The objective of the press release is to get your news out into the world, so help the journalist as much as possible.

The body copy

Body copy refers to the text that makes up the body of the article. It’s the big, fleshy bit in the middle. But don’t be tricked into thinking it needs to be long. Keep your press release tight, not flabby.

You’ve successfully caught the journalist’s eye, so the body copy should delve deeper into the facts of the story, fleshing out the details and adding richness to the narrative. Stick with past tense, and stick to the facts. Try to avoid sounding like an advert as you write this section.

The best way to approach this is by thinking of the whole press release as a story. Good copywriters provide narrative structure. The hero of your story could be anything, but try to hone it down to what you want your reader to relate to. Perhaps you’re writing about a company expansion plan. The hero may be the expertise you’re ready to share with a wider audience. Perhaps you’re launching a programme that will help women become doctors. The hero may be the programme itself, or the concept of inspiring confidence and leadership.

Find your hero and build around it. Here’s how you might do that:

  • Introduce the hero (the programme, the expertise)
  • Define the problem and the solution
  • Reveal the benefits
  • Highlight the outcome.

If your story has a villain, it may be useful to mention it to help the reader understand the benefits of the hero. The villain for the programme example could be traditional obstacles that have prevented women from embracing medicine as a career.

The body copy should include plenty for journalists to get their teeth into. What we need next are a couple of good quotes to tie up the narrative and help the journalist even more.

Use quotes to break up the press release

Quotes are useful for breaking up the press release at just the right time. You can introduce new information, or reemphasise important parts of your story. The great news is that the journalist can’t change them. They can leave them out of their published story completely, but they can’t change them. (At least, they shouldn’t!)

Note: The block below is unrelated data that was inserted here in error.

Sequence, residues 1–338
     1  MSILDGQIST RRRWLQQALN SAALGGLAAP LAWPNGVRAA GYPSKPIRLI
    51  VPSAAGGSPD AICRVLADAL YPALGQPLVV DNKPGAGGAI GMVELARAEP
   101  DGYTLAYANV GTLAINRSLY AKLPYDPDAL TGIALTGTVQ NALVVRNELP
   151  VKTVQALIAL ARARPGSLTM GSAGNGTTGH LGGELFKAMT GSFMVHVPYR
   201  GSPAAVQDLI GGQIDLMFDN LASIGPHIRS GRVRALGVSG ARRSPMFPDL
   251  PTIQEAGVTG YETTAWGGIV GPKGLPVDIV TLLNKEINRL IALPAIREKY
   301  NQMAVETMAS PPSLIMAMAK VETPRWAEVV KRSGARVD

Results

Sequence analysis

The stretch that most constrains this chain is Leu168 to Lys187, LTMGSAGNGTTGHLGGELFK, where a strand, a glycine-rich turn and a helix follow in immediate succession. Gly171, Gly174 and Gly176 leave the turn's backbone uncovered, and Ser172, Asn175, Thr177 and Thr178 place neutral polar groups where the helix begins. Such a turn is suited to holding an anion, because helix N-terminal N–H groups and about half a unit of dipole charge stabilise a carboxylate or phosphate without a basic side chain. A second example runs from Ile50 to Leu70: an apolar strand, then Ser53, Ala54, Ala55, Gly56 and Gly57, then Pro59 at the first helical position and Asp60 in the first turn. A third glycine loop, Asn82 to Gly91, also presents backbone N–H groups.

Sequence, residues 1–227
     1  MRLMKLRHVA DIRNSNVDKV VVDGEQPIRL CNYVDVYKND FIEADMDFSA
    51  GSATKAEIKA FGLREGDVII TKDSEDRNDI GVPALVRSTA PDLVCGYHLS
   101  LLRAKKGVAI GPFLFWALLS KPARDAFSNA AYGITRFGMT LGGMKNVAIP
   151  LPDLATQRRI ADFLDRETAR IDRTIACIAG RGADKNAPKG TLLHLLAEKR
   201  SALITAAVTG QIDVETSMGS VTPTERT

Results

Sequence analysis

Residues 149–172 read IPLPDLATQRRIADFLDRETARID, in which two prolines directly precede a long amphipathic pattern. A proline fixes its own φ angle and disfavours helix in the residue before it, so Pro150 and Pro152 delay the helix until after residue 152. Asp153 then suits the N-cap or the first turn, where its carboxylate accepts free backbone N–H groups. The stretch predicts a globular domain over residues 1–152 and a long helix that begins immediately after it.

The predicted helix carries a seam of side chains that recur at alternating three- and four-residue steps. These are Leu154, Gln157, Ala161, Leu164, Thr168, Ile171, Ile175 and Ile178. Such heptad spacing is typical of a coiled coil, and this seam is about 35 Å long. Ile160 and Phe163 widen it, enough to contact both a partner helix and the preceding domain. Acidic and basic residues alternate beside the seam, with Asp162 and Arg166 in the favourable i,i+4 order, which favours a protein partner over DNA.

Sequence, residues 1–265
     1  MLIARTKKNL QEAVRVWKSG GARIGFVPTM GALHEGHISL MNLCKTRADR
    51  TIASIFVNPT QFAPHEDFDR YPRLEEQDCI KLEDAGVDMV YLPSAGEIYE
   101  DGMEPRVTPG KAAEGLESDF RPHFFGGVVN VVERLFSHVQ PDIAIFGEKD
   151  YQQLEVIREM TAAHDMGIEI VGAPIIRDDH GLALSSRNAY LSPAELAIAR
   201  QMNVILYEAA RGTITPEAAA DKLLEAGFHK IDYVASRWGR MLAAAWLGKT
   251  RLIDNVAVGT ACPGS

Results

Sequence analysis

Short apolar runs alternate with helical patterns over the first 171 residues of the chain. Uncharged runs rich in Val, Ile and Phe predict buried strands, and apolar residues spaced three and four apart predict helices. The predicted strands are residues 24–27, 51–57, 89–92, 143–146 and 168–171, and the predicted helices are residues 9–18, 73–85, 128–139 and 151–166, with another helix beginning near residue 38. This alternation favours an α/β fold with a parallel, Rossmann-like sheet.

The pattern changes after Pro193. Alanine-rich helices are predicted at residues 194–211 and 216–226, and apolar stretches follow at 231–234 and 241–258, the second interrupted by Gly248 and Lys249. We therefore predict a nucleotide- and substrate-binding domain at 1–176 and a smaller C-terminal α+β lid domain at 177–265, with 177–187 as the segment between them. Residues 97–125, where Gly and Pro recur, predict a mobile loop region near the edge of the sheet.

The first quote you use should ideally be from the highest-ranking member of the organisation you’re writing about. The second quote should be from someone else you’ve mentioned in the press release (if you have). For instance, a press release about a new car would contain a quote from the CEO, while the second quote may be the lead engineer who designed the latest model.

It may not be possible to get the quotes you want, but most of the time your client will know that the quote needs to be from someone of importance. Most bosses I know are usually eager to have their name in print!

The interesting part of press release quotes is that you may have to make it up yourself. 8 times out of 10, I’m asked to write the quote myself, which then goes to someone else to approve. A copywriter wears many hats, so you will have to become accustomed to writing in different voices, whether that’s the leader, the extravert, the introvert, the foot soldier or office dog.

In the quote itself, try to include the following:

  • Namecheck the event or product, or hero.
  • Emphasise the benefits and the core of what you want to be associated with the news.
  • Use strong words such as new, innovative, special.